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Nuclear Weapon Free Zone (CANWFZ) established 20 years after President Karimov’s initiative

By Dave Armstrong - 03 Jul 2014 9:9:0 GMT
Nuclear Weapon Free Zone (CANWFZ) established 20 years after President Karimov’s initiative

A tree's lonely struggle for survival. The steppes of Central Asia, from the Aral Sea to the mighty mountains of the Tien Shan see many threats from cold winters, dry summers and the remnant radionuclides of the large Soviet nuclear testing facilities. With a nuclear weapon free zone, the five republics should now be able to rehabilitate their land with help from UNEP and other international resources; steppe image; Credit: © Shutterstock

The announcement on May 6th 2014 by the 5 nuclear powers that there will be no weapon use or deployment in central Asia was the culmination of many years' work. President Karimov of Uzbekistan first tabled a motion at the UN in 1993, but with the Uzbeks then still members of the Collective Security Treaty Organisation with Russia (until 2012), there was some reluctance to cooperate.

The earth's nuclear free zones are of interest to us because they indicate some increased security, despite the possibilities of nuclear power station leaks and the use of other weapons. The world can rest easier it seems, in Latin America and the Caribbean (Tlatelolco since 1967), in the South Pacific (Treaty of Rarotonga, 1985), in Southeast Asia (Treaty of Bangkok, 1995) and in Africa (Treaty of Pelindaba, 1996). War continues in various forms in Africa and elsewhere, proving unfortunately that both human and wild environments are increasingly and more thoroughly destroyed in warfare.

Kazakhstan and Uzbekistan in particular have struggled had to avoid the nuclear legacy of the Soviet Union. The great expanses of the Kazakh steppes were the site of many nuclear weapons installations. The Semipalatinsk testing area where 459 nuclear tests were performed during the Cold War years, created a continuing cost in the lives and health of millions. All five of the Central Asian republics have followed the secure path of peaceful and creative development away from their terrible legacy of radionuclide contamination and an equally degrading use of land resources. The loss of the Aral Sea was the result of Soviet agricultural policies that wasted its 2 supply rivers on giant monocultures of cotton and other "thirsty" crops, when food might have provided the greater community benefit. We covered this immense problem in the article, Loss of Aral Sea.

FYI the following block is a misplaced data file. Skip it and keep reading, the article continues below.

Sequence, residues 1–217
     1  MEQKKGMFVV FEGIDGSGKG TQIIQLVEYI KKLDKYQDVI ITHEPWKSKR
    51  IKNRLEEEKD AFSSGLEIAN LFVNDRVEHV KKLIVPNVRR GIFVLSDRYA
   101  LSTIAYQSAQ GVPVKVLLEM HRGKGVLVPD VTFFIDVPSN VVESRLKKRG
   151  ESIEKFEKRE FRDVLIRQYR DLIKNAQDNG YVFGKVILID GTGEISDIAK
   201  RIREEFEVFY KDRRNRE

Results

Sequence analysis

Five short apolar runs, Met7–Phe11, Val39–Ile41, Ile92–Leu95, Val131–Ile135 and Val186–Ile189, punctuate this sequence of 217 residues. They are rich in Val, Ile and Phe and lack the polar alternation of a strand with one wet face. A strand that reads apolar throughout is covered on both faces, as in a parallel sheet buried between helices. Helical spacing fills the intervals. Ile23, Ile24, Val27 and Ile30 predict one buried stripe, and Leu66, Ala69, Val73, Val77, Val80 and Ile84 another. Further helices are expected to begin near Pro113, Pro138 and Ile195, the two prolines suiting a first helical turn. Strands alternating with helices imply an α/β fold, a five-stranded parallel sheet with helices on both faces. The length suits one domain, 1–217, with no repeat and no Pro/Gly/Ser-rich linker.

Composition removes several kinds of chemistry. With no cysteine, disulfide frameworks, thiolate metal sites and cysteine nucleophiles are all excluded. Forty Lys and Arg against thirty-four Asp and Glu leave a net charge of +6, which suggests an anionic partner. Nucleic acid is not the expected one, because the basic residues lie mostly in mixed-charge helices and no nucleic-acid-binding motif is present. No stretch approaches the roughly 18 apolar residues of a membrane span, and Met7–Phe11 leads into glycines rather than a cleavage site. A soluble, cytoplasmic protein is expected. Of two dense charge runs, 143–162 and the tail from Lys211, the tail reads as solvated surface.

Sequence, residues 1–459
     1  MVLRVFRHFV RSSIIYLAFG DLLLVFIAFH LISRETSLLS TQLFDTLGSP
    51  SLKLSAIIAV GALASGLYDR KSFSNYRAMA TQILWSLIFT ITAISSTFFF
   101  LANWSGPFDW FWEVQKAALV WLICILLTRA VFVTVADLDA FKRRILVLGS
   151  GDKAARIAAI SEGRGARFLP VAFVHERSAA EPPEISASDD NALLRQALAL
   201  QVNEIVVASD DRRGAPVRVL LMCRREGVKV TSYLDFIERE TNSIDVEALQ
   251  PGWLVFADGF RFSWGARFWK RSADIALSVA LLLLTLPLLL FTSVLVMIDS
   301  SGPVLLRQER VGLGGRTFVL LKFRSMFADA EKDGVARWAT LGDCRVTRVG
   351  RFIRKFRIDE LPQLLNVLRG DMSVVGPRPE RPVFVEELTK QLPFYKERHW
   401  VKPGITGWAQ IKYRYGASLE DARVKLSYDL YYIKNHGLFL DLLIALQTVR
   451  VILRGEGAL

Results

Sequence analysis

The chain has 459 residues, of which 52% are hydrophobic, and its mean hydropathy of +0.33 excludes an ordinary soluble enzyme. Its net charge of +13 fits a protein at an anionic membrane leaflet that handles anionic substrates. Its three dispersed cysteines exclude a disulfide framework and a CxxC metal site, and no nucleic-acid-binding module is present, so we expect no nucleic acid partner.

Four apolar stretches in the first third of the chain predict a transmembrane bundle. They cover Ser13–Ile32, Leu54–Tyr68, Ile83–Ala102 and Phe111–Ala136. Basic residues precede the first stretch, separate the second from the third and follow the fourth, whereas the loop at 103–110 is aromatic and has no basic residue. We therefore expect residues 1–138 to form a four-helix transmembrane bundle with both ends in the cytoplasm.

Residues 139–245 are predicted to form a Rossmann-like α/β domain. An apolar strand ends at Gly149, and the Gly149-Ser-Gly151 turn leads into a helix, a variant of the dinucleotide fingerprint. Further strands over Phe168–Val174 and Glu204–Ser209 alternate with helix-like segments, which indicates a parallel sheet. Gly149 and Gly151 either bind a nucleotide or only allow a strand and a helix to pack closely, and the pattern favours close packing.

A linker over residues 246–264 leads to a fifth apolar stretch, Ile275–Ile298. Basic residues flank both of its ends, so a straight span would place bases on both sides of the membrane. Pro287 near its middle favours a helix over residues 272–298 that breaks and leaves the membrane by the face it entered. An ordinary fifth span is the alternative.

The northern part of the Sea has now been restored to some extent, but without huge international input, the southern areas seem to be lost and highly polluted for the foreseeable future. A recent study claimed that the Aral Sea has been dry several times before, but the authors don't seem to have any corroboration from fellow scientists.

Uzbekistan, with a single president since independence, has consistently managed to support communities in the beleaguered desert-like areas and sought to combat situations that encourage violent engagement such as the Afghan war that has influenced the whole region. President Islam Karimov was the instigator of the model of coalition government in Afghanistan and an arms embargo that helped achieve national reconciliation in 1995.

The key to Central Asia seems to be environmental and socio-economic sustainability, rather like our other ecological problems on earth. The Central Asian nuclear weapon free zone or CANFWZ suggested at the UN by President Karimov in 1993 and supported by the unanimous Almaty Declaration in 1997 is now finally in existence, with nuclear powers set to incorporate their individual views in the near future. Given the nuclear pollution and the many other environmental problems, the move must be seen as the best news towards a more total environmental improvement programme in all five nations.

The consequences of nuclear testing are far-reaching in both time and distance. Residues in the earth and atmospheric pollution can only now begin to be measured accurately because reliable figures can hardly be expected from the time of testing. After ratification in 2009, the CANFWZ Treaty of 18 articles will hopefully stand out as the first to have had nuclear explosions. Ecological and radiation security is essential to environmental rehabilitation in Kazakhstan, Kyrgyzstan, Tajikistan, Turkmenistan and Uzbekistan.

We spend so much time looking at species, their extinction, and their habitats that we often forget to use our latest technologies for the best reasons. Checking and discovering data on environmental contamination will reveal many reasons for our own health problems as well as those special indicators -----– our fellow organisms on this small planet. We wish the Central Asian republics the very best in their rehabilitation of lands and their peaceful future!